Customer Success Summit is returning to San Francisco March 21-22, 2016. Register today!
Part of the Customer Success Summit On-Demand Series
Starting a new job anywhere can be a challenge, but starting a new job in an industry that is still being defined often has more questions than answers. For VPs of Customer Success the first 90 days in the role are critical for ensuring long term success, but it often feels like there is so much to do that you don’t know where to start.
At Customer Success Summit Stephanie Schatz, SVP of Sales and Customer Success at Xamarin, took the time to outline three key questions that every new VP of Customer Success should tackle in the first 90 days.
Watch the full session from Customer Success Summit.
Here are the three questions every new VP of Customer Success should answer:
Are you selling to the right customers?
This is often one of the trickiest questions to answer, especially if you are at a startup company that is trying to acquire as many customers as possible, but it needs to be done. It’s nearly impossible to drive success with the wrong customer and you’ll end up wasting a lot of time trying. In your first 90 days identify your ideal customer as granularly as possible: size, industry, product, delivery model, etc. as well as those you don’t want to sell to and then stick to it.
How can you make Customer Success a company wide philosophy?
Making customers’ successful needs to be everyone’s responsibility and a core value to the company. If you don’t have buy-in for this from the top you’re going to be fighting an uphill battle. In some cases people want to do this, but they don’t know where to begin. The first step is to make customer success metrics like churn and retention transparent to the entire organization. You can do this by creating real-time dashboards that show how you’re doing at all times. This gives people visibility into how their actions affect customer health and promotes the practice of putting customers first.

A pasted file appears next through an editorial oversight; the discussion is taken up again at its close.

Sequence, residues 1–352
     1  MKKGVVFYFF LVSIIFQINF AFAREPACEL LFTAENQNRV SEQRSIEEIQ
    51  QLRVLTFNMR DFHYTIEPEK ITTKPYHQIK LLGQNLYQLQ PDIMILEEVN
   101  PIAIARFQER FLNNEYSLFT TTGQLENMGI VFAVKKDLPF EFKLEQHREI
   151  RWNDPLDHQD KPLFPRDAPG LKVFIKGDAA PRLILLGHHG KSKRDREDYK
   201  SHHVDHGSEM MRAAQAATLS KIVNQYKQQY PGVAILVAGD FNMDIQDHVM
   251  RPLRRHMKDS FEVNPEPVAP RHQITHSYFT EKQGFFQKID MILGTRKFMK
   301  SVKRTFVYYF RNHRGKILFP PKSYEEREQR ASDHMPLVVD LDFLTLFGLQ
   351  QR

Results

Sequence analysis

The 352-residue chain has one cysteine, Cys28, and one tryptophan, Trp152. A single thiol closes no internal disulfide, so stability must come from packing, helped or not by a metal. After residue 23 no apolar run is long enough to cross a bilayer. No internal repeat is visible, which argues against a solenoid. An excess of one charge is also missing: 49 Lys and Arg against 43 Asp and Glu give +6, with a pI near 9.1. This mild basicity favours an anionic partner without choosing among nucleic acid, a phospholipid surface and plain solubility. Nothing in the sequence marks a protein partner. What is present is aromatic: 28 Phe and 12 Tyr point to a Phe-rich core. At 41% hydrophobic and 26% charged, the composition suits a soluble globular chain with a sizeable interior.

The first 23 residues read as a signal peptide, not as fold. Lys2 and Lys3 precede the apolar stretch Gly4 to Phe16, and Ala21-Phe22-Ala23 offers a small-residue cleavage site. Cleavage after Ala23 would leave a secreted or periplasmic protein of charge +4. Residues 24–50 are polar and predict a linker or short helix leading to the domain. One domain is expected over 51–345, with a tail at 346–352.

How should I segment and structure my team?
This will evolve over time and become more sophisticated, but early on you still need to define your customer segments and how your team manages them. Different ways to segment your customers include: size, use case, level of importance, location, or cost. By based on whatever your chosen segmentation model you can then map your team so that they are better able to help drive success. As a best practice, you may want to align your sales team and customer success team the same way to create seamless experience when the customer transitions from one to the other.
See all of the sessions from Customer Success Summit here: www.customersuccesssummit.com